(Reuters) — More than a hundred new geoglyphs have recently been discovered in the ancient Peruvian plains was born and its surroundings may shed new light on the mysterious pre-Columbian artworks that have fascinated scientists and visitors for decades.
Following two years of field surveys using aerial photography and drones, Peruvian and Japanese researchers from Yamagata University announced earlier this month that they discovered 168 new designs on the South Coast, a UNESCO World Heritage Site on Peru’s southern coast.
Geoglyphs, large figures carved into the South American desert, date back 2,000 years and represent humans, cats, snakes, orcas, native birds and animals such as camels, llamas, guanacos and alpacas.
Jorge Olano, chief archaeologist of the Nazca Lines Research Project, explained that the new figures averaged between two and six meters in length. Why the Nazca Lines, which can only be seen from the air, were created remains a mystery.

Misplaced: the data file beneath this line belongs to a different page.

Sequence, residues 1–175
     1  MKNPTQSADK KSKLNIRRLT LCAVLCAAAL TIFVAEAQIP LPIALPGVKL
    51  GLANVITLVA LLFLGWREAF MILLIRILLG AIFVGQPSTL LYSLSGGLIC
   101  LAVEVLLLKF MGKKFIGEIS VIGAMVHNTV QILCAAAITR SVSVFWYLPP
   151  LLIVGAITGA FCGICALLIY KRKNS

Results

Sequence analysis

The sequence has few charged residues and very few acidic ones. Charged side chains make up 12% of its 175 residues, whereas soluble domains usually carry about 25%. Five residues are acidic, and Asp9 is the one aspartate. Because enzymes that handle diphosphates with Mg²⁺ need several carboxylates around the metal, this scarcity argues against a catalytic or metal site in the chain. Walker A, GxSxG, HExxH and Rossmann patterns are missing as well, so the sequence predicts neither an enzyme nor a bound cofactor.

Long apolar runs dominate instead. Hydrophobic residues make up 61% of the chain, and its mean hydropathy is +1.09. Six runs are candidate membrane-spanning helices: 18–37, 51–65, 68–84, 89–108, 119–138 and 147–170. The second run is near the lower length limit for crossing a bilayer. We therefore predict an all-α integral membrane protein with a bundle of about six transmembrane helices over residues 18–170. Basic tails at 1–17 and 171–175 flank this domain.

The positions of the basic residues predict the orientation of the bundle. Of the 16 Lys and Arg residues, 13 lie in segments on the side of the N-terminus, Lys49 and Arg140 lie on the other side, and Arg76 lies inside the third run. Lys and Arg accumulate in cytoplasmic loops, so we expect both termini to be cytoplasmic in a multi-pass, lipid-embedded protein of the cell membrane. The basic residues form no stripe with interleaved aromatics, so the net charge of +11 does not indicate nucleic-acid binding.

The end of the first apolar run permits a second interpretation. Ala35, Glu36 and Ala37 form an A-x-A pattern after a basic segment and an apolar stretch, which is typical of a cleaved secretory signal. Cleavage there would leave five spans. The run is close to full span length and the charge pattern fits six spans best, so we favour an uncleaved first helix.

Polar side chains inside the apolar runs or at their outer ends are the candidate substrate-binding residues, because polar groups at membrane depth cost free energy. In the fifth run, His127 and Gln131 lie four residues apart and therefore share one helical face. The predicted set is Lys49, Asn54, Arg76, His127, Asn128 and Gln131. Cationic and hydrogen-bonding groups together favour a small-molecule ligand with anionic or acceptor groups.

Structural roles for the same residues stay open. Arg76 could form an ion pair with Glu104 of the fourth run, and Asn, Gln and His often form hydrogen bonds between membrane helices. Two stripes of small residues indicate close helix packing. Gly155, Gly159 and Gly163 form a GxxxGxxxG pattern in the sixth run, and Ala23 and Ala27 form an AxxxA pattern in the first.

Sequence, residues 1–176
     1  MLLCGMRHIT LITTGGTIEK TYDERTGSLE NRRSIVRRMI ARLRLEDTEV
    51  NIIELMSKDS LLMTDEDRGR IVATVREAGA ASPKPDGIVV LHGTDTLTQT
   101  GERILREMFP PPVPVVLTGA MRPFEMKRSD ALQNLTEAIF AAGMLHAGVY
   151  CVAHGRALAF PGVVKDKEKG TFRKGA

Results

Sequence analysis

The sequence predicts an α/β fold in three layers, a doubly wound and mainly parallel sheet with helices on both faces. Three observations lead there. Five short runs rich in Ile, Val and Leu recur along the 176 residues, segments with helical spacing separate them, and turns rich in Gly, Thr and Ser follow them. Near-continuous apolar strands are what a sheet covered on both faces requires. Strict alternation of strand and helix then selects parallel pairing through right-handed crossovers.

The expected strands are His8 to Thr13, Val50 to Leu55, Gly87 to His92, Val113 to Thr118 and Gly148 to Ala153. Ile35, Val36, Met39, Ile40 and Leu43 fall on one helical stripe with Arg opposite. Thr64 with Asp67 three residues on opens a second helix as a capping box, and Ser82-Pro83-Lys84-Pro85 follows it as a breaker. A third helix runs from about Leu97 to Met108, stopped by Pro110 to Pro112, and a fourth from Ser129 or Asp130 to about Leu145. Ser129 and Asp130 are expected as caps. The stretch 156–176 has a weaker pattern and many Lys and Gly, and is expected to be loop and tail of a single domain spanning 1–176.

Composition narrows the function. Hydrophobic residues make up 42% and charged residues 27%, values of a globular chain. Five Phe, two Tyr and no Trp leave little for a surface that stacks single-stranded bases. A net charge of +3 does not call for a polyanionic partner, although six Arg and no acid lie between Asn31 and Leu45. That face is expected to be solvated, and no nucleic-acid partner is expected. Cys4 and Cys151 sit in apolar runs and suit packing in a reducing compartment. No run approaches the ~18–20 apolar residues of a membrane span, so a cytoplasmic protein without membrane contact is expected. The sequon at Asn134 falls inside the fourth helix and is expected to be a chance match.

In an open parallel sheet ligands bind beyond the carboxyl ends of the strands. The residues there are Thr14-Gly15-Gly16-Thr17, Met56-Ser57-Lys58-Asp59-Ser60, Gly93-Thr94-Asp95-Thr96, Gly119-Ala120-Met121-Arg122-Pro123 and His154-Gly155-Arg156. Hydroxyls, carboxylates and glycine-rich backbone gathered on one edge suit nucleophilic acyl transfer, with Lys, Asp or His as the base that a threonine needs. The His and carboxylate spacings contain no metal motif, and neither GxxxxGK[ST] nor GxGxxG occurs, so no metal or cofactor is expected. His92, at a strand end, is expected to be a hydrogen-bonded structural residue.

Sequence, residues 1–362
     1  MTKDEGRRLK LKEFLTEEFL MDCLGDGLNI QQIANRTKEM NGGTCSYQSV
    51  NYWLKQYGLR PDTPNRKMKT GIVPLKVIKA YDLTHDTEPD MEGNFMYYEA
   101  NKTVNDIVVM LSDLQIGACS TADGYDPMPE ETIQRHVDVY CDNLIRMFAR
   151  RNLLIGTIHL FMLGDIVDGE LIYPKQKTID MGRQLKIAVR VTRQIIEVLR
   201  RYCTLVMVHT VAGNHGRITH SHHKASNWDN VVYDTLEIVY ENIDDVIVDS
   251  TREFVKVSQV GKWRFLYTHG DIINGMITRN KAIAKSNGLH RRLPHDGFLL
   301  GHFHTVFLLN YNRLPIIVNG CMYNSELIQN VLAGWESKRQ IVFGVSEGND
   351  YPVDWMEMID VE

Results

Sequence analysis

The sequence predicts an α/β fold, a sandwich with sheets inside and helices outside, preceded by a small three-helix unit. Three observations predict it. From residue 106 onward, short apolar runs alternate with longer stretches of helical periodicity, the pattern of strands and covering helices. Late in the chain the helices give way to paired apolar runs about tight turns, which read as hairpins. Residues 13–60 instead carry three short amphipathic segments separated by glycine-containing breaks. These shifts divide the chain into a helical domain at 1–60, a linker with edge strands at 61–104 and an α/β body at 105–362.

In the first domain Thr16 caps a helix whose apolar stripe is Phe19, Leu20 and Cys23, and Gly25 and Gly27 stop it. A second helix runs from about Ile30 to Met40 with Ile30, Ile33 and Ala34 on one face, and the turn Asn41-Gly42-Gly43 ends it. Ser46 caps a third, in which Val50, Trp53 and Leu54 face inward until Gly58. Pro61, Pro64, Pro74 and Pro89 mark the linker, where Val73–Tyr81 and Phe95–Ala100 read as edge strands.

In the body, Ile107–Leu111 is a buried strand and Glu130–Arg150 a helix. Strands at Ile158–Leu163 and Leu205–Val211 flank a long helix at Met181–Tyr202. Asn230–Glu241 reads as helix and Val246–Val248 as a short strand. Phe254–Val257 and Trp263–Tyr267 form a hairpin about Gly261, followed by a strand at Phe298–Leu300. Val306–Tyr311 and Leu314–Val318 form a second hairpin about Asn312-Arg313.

The geoglyphs revealed this month are small and can be seen from the ground, Yamagata University professor Masato Sakai, who led the study, told Reuters.
Iconic remnants of Peru’s rich history, these figures are located a three-hour drive from the capital, Lima.
Researchers have already found 190 figures in the area since 2004. But the vastness of the land they cover has complicated efforts to study and preserve heritage.
Yamagata University says the research will be used to contribute to the conservation of stripes in artificial intelligence-based studies.
The university’s research in collaboration with the Peruvian government helped define and protect the area facing threats from urban and economic development.
“Some of the geoglyphs are in danger of being destroyed due to the recent expansion of mining-related workshops in the archaeological park,” Sakai said.